Two squares were opened in the first season, revealing two large walls, apparently from the same building (Fig. 1). The southern wall (Sq A, W3; width 1.5 m; Fig. 2) was preserved more than 2 m high. A vault, comprising the upper 30 cm of the northern face of W3, arched toward Wall 1 (Sq B) in the north. Only the vault of W1 that used the upper 65 cm of the wall was exposed. Both walls were built of rough boulders and smaller stones, standing 7.1 m apart; they were, most likely, abutted by a beaten-earth floor (L10), which was exposed at the bottom of a 2 m wide probe against W3. 


On top of the floor were two layers of stone collapse, with a layer of loose soil between them, in a matrix of compact brown soil. The lower collapse layer (L9) probably derived from the vault itself, as was clearly visible in the section of the probe (Fig. 3). The loose soil above it (L7) contained a tile fragment with a stamped Hospitaler's cross (Knights of the Order of the Hospital of St. John of Jerusalem; Fig. 4). The Master of the Order of St. John, Fra Raymund du Puy, introduced the eight-pointed cross in c. 1128, as an alternative to the traditional Latin cross. An enigmatic ostracon, bearing a Second Temple Hebrew inscription, incised before firing, was also found (Fig. 5). The upper collapse (L6, L8) was possibly from a second storey; it contained two coins (Figs. 6–8). A natural fill and topsoil covered the upper collapse, including, among other finds, a tile with a circular stamped impression and an unidentifiable coin.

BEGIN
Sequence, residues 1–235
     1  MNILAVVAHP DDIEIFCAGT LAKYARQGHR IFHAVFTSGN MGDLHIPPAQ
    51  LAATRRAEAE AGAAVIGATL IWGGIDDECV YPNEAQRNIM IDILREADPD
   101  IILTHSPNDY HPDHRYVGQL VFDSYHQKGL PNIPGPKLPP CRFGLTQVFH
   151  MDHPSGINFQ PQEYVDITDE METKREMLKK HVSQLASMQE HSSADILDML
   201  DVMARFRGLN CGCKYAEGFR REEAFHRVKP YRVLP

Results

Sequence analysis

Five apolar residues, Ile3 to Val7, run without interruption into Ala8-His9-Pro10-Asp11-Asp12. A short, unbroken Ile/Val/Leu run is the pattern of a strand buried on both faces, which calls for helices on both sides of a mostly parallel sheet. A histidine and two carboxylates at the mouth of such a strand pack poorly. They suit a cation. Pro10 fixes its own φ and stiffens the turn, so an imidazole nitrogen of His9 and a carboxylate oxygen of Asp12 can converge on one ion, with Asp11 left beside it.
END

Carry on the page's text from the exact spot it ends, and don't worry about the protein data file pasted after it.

None of these finds can accurately date the building. However, the nature and size of the walls, as well as comparisons to other structural remains in the vicinity indicate that the walls can probably be dated to the Crusader Period.


During the second season, the probe in Sq A was deepened 1.30 m. Locus 10, renamed L13, was thought to be a floor, yet turned out to be part of the third layer of stone collapse, containing Mamluk pottery. The fourth layer of stone collapse, carried medieval pottery and the deepest fifth layer of stone collapse yielded Ottoman pottery. While none of these loci were clean, they showed that the building stood until recent times and was occupied as late as the Ottoman period.


The removal of the general collapse of the Crusader building in Sq B showed that the lines of collapse were perpendicular to the walls of the building, which may indicate that this was the collapse of the exterior western wall. Square C, which was opened to the east of Sq B (not marked on Fig. 1), revealed lines of collapse that were parallel to the walls, attesting to the roof collapse. Among the potsherds in Sq C was a distinctive group of Ottoman fragments that contained a lot of sand; they were probably manufactured along the coast.